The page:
In a nice recall to the beetroot course- the sticks are meringue of beetroot, and they're so brittle they fall apart like they're freeze dried. The foam is made of tea, which has a delicious, rich, smoky flavor. Pepper ice cream brings it all together for a near-perfect ensemble. 9/10.
Lastly, a “salted rock” of chocolate with pistachio and salty Quinoa. The ice is cold, and the chocolate is mousse-y for a really good temperature contrast. 9/10.
Some coffee, and then a lovely wrought-iron tree with various small last bites of dessert. Milk cinnamon and Armagnac (tastes like Christmas), passion fruit and grape dessert, some striped chocolates with orange custard, plain ones with vanilla. The long, skinny cakes are hazelnut. 8/10.
Overall, one of the most enjoyable meals of the entire trip. Can't say when I'll be back, but it couldn't be soon enough.
On an unassuming street corner near central Osaka is the tiny, beautiful, friendly restaurant of Koryu. Shintaro Matsuo, the chef and owner, tweaks each dish to bring out the best in its flavors, and his staff are gracious, kind, and fun. The chefs, servers, and every other member of staff were happy and engaged; they made this a really memorable experience. This was, hands down, one of my favorite experiences in Japan.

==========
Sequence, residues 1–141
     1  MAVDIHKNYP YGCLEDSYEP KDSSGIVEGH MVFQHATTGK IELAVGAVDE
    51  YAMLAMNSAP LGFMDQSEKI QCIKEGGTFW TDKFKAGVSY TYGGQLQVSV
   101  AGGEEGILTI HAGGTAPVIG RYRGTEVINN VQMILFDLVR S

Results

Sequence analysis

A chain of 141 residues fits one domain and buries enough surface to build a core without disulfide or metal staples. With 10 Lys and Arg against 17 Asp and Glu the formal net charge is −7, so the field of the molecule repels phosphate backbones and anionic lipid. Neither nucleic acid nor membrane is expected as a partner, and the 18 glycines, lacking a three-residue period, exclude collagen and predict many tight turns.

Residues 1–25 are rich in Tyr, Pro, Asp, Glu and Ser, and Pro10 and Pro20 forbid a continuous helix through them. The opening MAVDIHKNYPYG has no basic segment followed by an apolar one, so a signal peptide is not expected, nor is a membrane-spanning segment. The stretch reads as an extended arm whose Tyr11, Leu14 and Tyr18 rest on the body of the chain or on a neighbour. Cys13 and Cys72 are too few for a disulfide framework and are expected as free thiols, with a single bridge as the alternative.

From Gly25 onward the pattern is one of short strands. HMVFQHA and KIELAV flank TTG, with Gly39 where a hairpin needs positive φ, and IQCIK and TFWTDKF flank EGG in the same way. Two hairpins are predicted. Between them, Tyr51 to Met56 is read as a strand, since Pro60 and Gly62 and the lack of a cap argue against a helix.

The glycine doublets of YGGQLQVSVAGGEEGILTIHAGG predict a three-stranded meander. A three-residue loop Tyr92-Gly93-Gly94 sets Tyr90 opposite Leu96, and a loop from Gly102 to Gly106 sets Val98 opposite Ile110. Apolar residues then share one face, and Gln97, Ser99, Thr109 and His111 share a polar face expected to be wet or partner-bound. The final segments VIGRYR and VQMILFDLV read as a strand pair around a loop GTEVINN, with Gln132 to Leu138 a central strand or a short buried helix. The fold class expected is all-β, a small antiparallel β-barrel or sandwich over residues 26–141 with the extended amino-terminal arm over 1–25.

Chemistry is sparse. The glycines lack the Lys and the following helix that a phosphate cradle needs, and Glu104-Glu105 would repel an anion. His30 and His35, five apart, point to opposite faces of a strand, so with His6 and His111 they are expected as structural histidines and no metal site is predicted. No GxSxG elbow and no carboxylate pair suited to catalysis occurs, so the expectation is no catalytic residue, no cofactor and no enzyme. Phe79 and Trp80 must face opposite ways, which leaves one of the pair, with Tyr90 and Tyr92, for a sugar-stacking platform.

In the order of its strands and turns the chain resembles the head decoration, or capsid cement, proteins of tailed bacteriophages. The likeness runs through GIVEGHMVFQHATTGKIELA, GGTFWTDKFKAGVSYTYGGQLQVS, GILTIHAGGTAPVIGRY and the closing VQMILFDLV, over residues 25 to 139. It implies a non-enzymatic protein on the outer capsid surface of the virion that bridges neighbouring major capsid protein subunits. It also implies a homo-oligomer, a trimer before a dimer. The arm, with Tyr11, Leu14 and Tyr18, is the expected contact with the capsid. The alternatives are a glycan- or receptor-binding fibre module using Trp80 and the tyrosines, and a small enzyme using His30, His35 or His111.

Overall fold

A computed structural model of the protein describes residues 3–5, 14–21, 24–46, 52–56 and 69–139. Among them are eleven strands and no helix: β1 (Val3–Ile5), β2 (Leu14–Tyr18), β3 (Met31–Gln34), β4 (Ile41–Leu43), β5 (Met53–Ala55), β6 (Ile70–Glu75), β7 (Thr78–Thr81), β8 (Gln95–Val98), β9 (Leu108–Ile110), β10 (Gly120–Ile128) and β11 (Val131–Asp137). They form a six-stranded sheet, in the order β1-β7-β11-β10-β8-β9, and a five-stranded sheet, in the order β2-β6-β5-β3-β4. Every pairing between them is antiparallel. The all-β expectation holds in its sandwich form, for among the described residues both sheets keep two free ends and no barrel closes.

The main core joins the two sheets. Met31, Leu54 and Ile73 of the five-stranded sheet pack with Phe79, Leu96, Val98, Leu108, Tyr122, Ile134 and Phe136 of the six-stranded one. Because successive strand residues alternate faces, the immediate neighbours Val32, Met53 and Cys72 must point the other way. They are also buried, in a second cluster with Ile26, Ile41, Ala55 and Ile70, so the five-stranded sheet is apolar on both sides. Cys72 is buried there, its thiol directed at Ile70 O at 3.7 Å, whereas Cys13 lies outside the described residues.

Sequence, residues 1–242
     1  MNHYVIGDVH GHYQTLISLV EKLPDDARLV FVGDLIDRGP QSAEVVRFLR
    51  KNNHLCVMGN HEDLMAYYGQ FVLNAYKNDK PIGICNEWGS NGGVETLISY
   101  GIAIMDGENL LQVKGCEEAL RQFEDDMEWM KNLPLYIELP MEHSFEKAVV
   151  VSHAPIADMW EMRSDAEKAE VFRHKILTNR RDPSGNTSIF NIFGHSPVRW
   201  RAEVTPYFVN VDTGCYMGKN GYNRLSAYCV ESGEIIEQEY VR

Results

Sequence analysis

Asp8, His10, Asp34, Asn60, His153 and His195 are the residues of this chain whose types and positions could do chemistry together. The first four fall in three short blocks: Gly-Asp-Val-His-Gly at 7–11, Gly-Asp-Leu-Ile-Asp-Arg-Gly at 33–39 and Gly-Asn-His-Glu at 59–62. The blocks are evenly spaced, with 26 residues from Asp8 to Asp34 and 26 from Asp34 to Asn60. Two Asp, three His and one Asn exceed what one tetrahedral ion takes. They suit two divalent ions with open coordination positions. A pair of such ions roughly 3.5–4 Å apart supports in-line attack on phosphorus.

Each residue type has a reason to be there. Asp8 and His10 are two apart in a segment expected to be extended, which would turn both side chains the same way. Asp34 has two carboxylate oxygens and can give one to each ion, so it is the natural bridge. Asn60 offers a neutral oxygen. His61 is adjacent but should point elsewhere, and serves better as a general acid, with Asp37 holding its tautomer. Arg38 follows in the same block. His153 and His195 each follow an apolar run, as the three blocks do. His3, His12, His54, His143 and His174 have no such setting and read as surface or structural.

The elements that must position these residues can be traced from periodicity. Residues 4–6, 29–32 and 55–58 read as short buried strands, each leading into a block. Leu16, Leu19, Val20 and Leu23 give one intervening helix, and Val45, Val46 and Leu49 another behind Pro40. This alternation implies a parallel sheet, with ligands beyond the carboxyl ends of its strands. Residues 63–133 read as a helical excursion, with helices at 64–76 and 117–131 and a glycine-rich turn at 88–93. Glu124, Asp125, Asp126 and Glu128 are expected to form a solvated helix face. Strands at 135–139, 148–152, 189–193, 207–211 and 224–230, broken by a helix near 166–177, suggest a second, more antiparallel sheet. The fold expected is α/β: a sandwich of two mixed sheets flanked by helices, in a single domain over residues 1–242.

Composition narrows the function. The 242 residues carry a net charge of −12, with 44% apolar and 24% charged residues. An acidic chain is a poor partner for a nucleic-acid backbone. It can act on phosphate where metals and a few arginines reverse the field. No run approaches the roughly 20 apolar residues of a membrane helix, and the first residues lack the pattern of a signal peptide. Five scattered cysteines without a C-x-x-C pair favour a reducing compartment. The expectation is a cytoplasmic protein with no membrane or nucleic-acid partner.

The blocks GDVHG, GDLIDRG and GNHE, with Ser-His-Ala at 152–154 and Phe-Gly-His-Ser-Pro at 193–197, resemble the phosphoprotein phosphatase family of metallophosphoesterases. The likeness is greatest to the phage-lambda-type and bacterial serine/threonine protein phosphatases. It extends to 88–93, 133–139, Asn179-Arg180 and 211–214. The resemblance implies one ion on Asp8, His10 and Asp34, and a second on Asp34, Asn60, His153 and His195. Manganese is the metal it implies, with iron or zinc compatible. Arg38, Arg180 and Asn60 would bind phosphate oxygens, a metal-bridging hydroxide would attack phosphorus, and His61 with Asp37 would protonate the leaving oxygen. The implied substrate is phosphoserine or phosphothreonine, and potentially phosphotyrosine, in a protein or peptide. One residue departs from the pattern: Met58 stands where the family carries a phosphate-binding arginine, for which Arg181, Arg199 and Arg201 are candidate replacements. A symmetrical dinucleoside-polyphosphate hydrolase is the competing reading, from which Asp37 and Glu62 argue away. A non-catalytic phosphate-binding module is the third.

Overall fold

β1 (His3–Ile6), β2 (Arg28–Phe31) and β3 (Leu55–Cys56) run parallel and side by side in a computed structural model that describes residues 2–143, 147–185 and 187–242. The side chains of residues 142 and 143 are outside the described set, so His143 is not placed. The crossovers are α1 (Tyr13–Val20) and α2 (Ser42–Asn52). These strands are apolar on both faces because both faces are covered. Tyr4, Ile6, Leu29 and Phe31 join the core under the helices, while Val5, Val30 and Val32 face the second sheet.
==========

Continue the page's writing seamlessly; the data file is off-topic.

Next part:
PRICE PAID: $160 PP (LIST PRICE- PRE-CHALLENGE)
FINAL SCORE: 9.0/10
We were greeted politely- you might even say effusively- at the red-linen-draped entrance. We were welcomed into the small but gorgeous space by everyone in the kitchen and on the small serving staff.
Koryu's interior was set up almost like a stage- a long projecting table broke up the space while still acting as a direct connection to the kitchen.
Unsurprisingly, every surface shone with good care, and the patterns and colors worked together flawlessly. A gorgeous jewel of a restaurant.
So here's an experience I had previously never had before- BEAR. White miso soup with daikon, yuzu, and, I'd like to say again, BEAR. When I asked our server to confirm the source of the protein, he raised his hand like a claw, and, with a hilariously neutral expression, said, "Rawr." Brilliant. The meat itself is oily and a touch rubbery, but good. 8/10.